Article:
Neural Shape-Up: Brain anticipates object perception

Many neuroscientists suspect that in order to see, a person first sorts through edges, contours, and other basic visual features using a brain area called the primary visual cortex. Then so-called higher visual areas of the brain assemble these features into perceptions of shapes and objects.

DOUBLE VISION. In one experiment, volunteers watched this diamond with obscured corners move back and forth. The four visible segments sometimes appeared to move independently and sometimes as a group. Murray and D. Kersten

However, according to a new investigation, at least one of these higher areas shapes what we see from the get-go, and it does it by actually suppressing activity in the primary visual cortex.

This give and take of higher and lower parts of the visual system allows the brain to use predictions about the world, generated from experience and presumably stored in neural structures, to perceive objects under often ambiguous circumstances, propose neuroscientist Scott O. Murray of the University of California, Davis and his coworkers.

“Higher visual areas anticipate the structure of incoming visual information, and if the input matches what’s expected, neural activity declines in the primary visual cortex,” Murray says.

This is surprising, he adds, because feedback from one brain region to another is typically thought to enhance, rather than inhibit, neural activity. The new findings will appear in the Proceedings of the National Academy of Sciences.

Murray’s group used functional magnetic resonance imaging to measure blood-flow changes in the lateral occipital complex (LOC), a higher visual area involved in object recognition, and in the primary visual cortex. Jumps and dips in blood flow provide indirect markers of neural activity.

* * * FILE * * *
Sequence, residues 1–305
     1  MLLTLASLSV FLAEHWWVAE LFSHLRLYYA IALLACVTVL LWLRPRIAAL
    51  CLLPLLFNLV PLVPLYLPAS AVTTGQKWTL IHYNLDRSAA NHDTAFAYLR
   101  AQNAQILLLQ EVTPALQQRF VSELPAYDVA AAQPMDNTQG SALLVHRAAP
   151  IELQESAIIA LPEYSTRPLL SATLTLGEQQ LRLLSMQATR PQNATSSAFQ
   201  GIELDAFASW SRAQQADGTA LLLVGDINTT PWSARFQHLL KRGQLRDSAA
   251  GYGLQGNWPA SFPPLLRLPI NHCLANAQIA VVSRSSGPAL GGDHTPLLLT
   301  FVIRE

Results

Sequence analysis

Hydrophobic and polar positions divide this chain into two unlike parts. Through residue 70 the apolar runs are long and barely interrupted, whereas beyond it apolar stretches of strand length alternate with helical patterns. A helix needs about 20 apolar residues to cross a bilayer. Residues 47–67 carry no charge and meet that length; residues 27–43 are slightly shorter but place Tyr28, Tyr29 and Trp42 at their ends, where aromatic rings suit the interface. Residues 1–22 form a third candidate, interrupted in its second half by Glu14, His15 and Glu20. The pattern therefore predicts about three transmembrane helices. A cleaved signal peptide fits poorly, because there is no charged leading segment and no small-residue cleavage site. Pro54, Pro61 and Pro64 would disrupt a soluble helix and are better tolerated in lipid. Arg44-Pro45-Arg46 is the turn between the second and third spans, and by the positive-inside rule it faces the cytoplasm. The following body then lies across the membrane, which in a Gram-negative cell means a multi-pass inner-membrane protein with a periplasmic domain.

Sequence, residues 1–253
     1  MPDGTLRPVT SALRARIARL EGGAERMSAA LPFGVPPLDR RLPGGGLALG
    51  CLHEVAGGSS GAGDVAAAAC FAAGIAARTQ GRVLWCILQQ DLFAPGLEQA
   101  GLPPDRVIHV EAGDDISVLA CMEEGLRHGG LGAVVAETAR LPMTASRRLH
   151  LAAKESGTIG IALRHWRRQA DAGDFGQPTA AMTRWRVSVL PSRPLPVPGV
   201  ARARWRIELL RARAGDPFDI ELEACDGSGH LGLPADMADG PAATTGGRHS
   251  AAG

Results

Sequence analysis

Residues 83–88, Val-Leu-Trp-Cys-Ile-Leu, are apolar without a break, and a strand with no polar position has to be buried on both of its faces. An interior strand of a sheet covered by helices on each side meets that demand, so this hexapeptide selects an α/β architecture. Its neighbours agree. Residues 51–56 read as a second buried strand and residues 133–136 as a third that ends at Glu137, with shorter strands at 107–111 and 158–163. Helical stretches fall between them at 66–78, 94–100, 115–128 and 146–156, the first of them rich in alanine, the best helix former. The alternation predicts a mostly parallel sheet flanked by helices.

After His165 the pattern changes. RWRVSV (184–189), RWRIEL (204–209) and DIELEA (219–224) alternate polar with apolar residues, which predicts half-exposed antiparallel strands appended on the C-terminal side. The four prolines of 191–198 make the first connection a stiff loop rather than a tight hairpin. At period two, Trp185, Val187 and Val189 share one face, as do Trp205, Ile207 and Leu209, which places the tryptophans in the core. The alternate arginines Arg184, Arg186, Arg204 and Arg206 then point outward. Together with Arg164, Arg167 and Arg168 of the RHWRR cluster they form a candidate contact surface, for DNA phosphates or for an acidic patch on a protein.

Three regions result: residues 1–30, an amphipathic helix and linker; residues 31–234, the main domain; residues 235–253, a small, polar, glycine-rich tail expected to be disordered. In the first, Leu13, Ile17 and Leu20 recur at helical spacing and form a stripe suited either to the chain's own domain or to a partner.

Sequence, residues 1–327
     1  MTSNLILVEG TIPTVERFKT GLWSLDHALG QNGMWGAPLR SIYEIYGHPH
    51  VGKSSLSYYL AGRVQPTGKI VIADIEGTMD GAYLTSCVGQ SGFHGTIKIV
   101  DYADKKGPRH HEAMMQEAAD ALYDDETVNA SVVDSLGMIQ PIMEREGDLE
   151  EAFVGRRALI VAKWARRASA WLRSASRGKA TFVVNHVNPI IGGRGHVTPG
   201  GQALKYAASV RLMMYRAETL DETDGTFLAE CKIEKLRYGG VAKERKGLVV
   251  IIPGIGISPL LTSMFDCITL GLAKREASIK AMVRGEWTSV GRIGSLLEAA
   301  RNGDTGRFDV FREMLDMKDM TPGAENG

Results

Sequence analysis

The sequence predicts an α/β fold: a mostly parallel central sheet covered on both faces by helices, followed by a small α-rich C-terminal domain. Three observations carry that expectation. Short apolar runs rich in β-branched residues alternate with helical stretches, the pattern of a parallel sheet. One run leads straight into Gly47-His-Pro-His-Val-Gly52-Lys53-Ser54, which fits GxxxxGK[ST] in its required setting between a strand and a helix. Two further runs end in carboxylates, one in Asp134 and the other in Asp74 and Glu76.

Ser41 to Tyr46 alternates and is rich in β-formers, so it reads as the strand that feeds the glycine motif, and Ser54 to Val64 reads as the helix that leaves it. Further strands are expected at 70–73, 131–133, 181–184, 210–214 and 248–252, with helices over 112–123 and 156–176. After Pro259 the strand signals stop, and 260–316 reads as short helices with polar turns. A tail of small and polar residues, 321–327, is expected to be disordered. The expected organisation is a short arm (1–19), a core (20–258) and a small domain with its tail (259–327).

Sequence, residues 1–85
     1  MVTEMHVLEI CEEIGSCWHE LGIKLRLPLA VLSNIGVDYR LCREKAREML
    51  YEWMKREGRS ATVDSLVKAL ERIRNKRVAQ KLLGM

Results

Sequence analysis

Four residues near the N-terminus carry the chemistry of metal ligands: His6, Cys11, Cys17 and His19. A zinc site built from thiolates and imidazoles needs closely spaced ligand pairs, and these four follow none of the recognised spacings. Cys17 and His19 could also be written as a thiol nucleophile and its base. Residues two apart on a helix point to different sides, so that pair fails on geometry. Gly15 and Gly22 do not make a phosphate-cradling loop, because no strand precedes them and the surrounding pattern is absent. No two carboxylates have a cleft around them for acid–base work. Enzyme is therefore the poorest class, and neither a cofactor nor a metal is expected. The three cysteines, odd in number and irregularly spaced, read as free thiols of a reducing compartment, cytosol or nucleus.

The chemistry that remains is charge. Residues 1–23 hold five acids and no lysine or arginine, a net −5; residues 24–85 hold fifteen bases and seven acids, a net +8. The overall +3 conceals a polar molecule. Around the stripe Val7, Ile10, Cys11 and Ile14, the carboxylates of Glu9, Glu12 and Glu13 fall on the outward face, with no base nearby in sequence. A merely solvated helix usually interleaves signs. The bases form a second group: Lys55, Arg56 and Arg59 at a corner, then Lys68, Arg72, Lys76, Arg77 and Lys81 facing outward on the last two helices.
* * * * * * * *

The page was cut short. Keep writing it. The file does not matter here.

In three experiments, a total of 18 adults viewed lines and dots that were perceived as either meaningless jumbles or geometric shapes. Jumbles elicited substantially more activity in the primary visual cortex than in the LOC. In contrast, coherent shapes–especially three-dimensional ones–yielded much stronger LOC responses accompanied by diminished blood flow in the primary visual cortex.

In the first experiment, volunteers saw haphazard lines and drawings of two-dimensional and three-dimensional shapes.

In the second experiment, participants saw three computer displays: a set of stationary, randomly arrayed dots; randomly arrayed dots rotating on an axis around drawings of cubes and other shapes to create three-dimensional perceptions; and dots moving at random.

The third experimental stimulus consisted of a moving diamond on a computer screen, with the diamond’s four corners invisible to different degrees. The diamond’s four visible segments then moved from side to side on the screen. Volunteers sometimes perceived segments as moving haphazardly and at other times, as moving together as a diamond. All experimental stimuli can be seen at

The new findings suggest that the primary visual cortex sifts through basic visual elements until the LOC recognizes an object and terminates most low-level activity, remarks neuroscientist Michael S. Beauchamp of the National Institute of Mental Health in Bethesda, Md. Still, he says, other researchers need to confirm the results and see whether a similar pattern of electrical responses occurs in visual areas.


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Bruce Bower

Bruce Bower has written about the behavioral sciences for Science News since 1984. He writes about psychology, anthropology, archaeology and mental health issues.

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